Top 2 Habits For Long-Term Diet Success
Your thoughts are like a running commentary in your life. These thoughts help you tell the story of who you are. They influence how you feel and the actions you take. Weak thoughts promote weak decisions and actions. While strong thoughts empower your choices and actions. Part of your long-term success in any way of eating (or any aspect of your life, really) depends on how you think.
If you don’t change your thinking about food and health, then the results you get won’t change either. This process of changing your mental perspective is part of what I call Intelligent Dieting. Becoming a healthier person doesn’t only mean changing your appearance by losing weight and exercising, it also means improving your mindset. That’s what I’d call an evolution inside a revolution.
Therefore, your long-term diet success is highly dependent upon changing the way you think about food. So how do you change your thinking? While there are many ways, I’ll share what I feel are the top two habits to adopt that will change your thinking and make you mentally stronger in all circumstances with your diet and in your life.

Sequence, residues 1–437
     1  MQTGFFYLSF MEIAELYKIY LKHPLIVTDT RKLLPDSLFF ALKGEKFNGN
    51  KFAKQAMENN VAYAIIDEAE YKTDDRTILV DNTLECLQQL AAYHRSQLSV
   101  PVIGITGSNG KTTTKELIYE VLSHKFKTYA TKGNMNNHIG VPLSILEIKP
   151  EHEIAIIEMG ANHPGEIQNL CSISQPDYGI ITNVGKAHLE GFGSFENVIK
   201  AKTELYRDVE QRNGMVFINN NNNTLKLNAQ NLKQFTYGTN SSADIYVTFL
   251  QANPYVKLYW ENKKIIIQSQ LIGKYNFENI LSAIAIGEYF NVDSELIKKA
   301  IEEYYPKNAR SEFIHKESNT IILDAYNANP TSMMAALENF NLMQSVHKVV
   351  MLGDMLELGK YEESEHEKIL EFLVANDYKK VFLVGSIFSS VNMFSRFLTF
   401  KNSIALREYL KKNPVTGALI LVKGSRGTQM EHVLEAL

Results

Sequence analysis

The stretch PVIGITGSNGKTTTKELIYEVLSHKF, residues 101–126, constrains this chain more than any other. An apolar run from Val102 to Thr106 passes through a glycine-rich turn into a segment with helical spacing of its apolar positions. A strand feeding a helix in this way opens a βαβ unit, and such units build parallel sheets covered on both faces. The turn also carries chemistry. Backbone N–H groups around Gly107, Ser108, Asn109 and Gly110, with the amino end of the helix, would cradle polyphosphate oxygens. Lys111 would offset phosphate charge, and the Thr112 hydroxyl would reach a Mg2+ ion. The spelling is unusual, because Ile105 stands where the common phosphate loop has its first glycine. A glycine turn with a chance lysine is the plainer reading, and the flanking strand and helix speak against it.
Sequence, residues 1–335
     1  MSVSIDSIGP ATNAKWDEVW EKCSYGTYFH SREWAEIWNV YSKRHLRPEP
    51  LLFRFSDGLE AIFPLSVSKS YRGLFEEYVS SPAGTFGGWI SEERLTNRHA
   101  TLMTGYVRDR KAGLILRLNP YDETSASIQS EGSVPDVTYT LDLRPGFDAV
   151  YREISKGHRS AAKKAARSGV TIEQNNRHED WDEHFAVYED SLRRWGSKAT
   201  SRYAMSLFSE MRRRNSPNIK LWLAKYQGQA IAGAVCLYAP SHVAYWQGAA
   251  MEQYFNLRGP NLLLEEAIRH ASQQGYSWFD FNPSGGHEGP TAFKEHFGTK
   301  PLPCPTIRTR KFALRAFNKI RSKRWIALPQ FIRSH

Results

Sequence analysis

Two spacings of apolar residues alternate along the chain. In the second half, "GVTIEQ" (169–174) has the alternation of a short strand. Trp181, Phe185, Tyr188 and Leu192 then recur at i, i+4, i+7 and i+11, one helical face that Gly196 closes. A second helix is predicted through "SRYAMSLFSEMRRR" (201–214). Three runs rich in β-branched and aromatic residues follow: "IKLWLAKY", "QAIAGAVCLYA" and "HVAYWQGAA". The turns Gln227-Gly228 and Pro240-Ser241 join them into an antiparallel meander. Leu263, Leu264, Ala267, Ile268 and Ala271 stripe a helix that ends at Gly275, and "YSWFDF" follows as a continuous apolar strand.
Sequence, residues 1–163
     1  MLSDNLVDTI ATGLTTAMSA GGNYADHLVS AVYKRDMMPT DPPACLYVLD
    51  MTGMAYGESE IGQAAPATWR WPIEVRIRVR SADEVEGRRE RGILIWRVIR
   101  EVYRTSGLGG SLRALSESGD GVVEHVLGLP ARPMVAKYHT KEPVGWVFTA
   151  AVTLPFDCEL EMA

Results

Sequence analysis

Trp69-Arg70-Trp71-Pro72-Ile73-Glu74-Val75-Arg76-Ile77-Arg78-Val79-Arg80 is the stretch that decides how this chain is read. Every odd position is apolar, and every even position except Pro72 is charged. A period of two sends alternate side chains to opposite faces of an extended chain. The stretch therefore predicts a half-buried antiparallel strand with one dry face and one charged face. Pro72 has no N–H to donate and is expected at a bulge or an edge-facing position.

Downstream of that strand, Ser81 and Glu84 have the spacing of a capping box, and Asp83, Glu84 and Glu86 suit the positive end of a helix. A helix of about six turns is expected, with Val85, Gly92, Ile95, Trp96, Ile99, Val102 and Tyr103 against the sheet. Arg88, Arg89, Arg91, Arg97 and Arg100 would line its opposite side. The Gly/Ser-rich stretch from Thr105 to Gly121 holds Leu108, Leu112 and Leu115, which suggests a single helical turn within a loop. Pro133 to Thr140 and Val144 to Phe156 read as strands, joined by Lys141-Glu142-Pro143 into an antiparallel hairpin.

Okay, so you got weak and caved in and ate something you shouldn’t have. Don’t panic. Practice makes permanent. All of the time that you were successful and didn’t eat junk food adds up and makes you stronger over time as long as you learn from each experience.
Don’t try to learn when you’re right in the middle of a binge, but also don’t feel guilty. Own your choice and vow to learn from it when you’re feeling stronger. Yes, you ate something bad. Yes, it sucks. But changing your eating habits is an evolutionary process. You adopt better habits over time and with practice and determination, which only gets stronger as you refine your understanding of all the pieces of the health and diet picture.
For example, if you were tempted to eat a sweet treat, even though you said you weren’t going to, and yet you easily resisted and even felt strong, later, reflect on the situation and look carefully at everything surrounding that event to see if you can identify what made you feel stronger. Try to understand what the conditions were that supported your strength. Also examine events when you caved in to weakness and try to understand why you gave in and what circumstances led to feeling weak and disempowered.
- Why was I able to resist temptation (or why couldn’t I resist)?
- Why did I feel strong (or weak, or confused)?
- What mood was I in when it happened?
- What kind of day was I having?
- Did the environment or the people involved make me feel empowered (or disempowered)?
- Did something happen prior to the event that gave me a boost (or made me feel stressed, helpless, scared, weak, or otherwise emotionally vulnerable)?
- Did I have a sense of clarity or purpose (or a sense of feeling confused or aimless) that may have contributed?
- If I was pressed for time, but I still resisted (or I gave in), why did it work out that way?